PO Box 969 11, NL-2509 JH The Hague
Tel.: 31 (06)5 598 8998
Fax: 31 (0)70 326 2252
Contact: Willemijn van Oppen
With regards to what language to speak to her in, I would carry on speaking Spanish. Your child has a lot to deal with right now and changing the language you communicate in wouldn't help her to feel settled.
Helping kids with the expat move
Should our kids go native too?
I guess your child isn't a teenager - but for those with teens read:
A typical intercultural training day for teenagers
22nd April 2009, 16:06:35 Doormat posted:I wouldn't advise people send their bilingual children to a Dutch school. If it is possible, better to get them into an international school. I sent mine to a Dutch school and had horrendous experiences, the school endlessly blamed the fact they weren't doing well on them being bilingual and being brought up in a foreign home! Turned out [edited by moderator] some locals also had a problem but from what I understand decent schools here are few and far between, hence the reason why some Dutch parents in border areas of Belguim are choosing to send their children there.
7th October 2009, 13:56:43 Freda posted:Talking abt Limburg community, my husband is a Limburgse himself. They speak dialect and I have problems initially to understand the lingo even till now. I do understand other Dutch better than him when they speak Dutch..LOL..on the other hand, they are very friendly and warm peep.
Since Im married and moved here, we find international sch too expensive after much survey when attended EXPATICA FAIR so Dutch sch is our best option. I was being raised under Cambridge n Oxford based education in Asia so Im quite particular how my child being raised in their education here. Fyi I was formerly a teacher in my country b4 moved to NL.Since my son is being raised trilingual, we always encouraged him to communicate in English, Dutch and Malay too while hub being Dutch-Limburg-German descendents, he speaks more langs than us besides some Scandivanian lang.
Im proud to say my son communicate Dutch and ENglish better and he speaks simple Bahasa by translating to me in English and Dutch if he cudnt get the right word.I always explain to him the essential of learning other languages since typical most Dutch always fluent in different languages such Spanish, French and German besides English. I myself in my homeland did picked up some other languages like Chinese eventho Im not one. Why? coz I see the need to communicate with other races/nationalities and it gives a better understanding besides to get works done when working with foreigners.
At the end of the day, it's how open minded we are to accept other languages into our life, dat betekent to understand other cultures and their ways of life. Whichever sch u send ur kids too is significant and always do ur homework b4 ur kids turns to 2. Personally at the end of the day, it\\\'s how u raise ur child to appreciate the country that u live in and adapt and assimilate with everyone rather criticising or condemning will not resolve anything. Everywhere is the same whenever u r a foreigner residing a foreign land.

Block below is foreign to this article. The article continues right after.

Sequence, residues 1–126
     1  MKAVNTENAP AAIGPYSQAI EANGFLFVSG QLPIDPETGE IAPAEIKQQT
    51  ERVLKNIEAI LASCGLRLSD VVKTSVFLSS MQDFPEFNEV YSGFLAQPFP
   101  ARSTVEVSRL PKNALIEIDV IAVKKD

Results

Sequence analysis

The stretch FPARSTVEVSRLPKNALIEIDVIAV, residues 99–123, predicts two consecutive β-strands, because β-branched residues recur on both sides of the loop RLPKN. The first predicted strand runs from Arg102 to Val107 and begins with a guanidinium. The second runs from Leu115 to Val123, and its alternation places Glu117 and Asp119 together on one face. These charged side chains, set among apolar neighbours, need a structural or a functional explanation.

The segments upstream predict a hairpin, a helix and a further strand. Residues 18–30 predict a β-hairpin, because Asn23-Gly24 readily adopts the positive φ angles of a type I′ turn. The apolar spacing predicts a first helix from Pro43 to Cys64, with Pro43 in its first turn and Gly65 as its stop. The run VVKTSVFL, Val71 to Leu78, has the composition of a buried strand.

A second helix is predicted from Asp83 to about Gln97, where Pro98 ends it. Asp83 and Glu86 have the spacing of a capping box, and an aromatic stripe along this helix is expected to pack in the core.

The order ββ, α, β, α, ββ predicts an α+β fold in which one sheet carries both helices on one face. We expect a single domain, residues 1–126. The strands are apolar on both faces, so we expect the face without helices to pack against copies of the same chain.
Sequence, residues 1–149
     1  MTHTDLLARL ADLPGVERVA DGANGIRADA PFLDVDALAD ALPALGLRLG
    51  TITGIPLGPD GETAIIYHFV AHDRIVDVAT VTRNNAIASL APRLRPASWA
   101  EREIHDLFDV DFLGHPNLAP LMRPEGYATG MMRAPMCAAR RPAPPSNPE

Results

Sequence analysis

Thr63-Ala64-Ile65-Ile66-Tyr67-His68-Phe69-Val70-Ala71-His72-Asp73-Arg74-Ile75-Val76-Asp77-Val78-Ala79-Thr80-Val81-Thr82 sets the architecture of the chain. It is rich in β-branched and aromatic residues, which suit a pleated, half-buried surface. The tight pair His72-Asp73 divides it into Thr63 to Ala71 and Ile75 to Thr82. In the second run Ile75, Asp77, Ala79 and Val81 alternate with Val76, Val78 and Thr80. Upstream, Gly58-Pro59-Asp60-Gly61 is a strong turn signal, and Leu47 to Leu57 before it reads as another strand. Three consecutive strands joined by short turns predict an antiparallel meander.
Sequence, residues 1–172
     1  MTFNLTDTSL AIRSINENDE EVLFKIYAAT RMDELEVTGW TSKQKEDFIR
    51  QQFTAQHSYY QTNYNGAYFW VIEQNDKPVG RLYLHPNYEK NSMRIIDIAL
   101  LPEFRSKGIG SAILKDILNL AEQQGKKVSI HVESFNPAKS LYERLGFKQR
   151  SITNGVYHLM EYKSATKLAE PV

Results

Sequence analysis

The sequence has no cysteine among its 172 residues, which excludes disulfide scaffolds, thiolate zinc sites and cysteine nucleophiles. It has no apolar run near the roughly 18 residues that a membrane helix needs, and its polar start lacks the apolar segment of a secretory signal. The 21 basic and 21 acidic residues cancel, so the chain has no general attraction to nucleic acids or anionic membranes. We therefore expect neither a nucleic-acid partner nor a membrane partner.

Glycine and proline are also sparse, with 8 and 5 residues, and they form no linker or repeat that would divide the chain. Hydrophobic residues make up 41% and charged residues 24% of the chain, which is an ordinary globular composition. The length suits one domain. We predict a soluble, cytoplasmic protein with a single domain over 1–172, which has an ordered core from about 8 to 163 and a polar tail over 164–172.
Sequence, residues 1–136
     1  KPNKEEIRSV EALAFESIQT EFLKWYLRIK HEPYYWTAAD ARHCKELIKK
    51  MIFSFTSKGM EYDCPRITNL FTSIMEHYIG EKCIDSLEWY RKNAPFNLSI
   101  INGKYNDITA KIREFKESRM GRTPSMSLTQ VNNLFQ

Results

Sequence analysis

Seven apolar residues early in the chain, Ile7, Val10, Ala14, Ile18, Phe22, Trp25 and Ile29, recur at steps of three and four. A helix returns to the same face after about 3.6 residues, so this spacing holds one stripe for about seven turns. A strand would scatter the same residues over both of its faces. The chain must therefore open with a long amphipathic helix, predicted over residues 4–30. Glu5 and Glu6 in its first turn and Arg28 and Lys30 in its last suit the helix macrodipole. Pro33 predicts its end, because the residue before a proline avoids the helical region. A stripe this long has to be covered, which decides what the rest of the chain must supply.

Honestly it\\\'s not education dat tells u how noble a person is but how a child being raised to accept other n vice versa..
13th May 2011, 12:28:18 Andrea Nagy posted:I liked this article a lot. we are currently living in Hungary, but my husband is already working in the Netherlands and we are planning to move there too. we have two children, they are 6 year old twin boys, born in the USA. so they speak English and Hungarian. I have no doubts that will learn the Dutch language. they supposed to start 1st grade here in Hungary this year in September. i m wondering if they can do the same there? i mean maybe it will be much more easier if they start school right away in a Dutch school, we wont have that much money to send them to private school, i mean learning the letters and numbers and stuff, it sounds like they would be all right with that. they have already learned the letters, numbers, and stuffs, like that in the USA, they start everything very early there. i am not worried about them at all, i think they have good potentials to learn foreign languages at this young age.
thanks a lot for the article, it is very helpful for people like us.
Andrea from Hungary
10th December 2013, 02:23:49 Yvonne khan posted:I recently retired from teaching in the uk and came over to Holland to look after my granddaughter. We are now beginning to look for schools and are finding it very hard. I am so shocked to see how the dutch teachers dress - they look very scruffy with their terrible jeans and dirty trainers. I wouldn't want my grandchild to be taught by them. They are not setting a good example. We speak English at home and I teach my grandchild using the English curriculum. We are looking for a good School where she can also get a Dutch education. I volunteerd in a Dutch school to see how they are working and I was really shocked. The children were inactive in the lesson, the pace was terrible and there was no differentiation at all. At play time a child had a nose bleed. The two teachers on duty did absolutely nothing. Another child fetched some tissues and took her friend to sit in a corner. I am sure that there are some excellent Dutch Schools but where are they?
24th May 2014, 21:07:07 Ingrid Elbertsen-Sirkin posted:If you live in North Holland, there is a fully bilingual school ( Dutch /English) opening, in Haarlem, in September.
13th October 2014, 18:18:44 May posted:Hi, I am May and i will migrate and staying in Best with my kids age 6,8,10. We are chinese and my kids do not know any dutch language. I would like to know whether is there any bilingual local school in eindhoven or best? What should i do if i cannot find a bilingual local school for my kids in a lower cost way?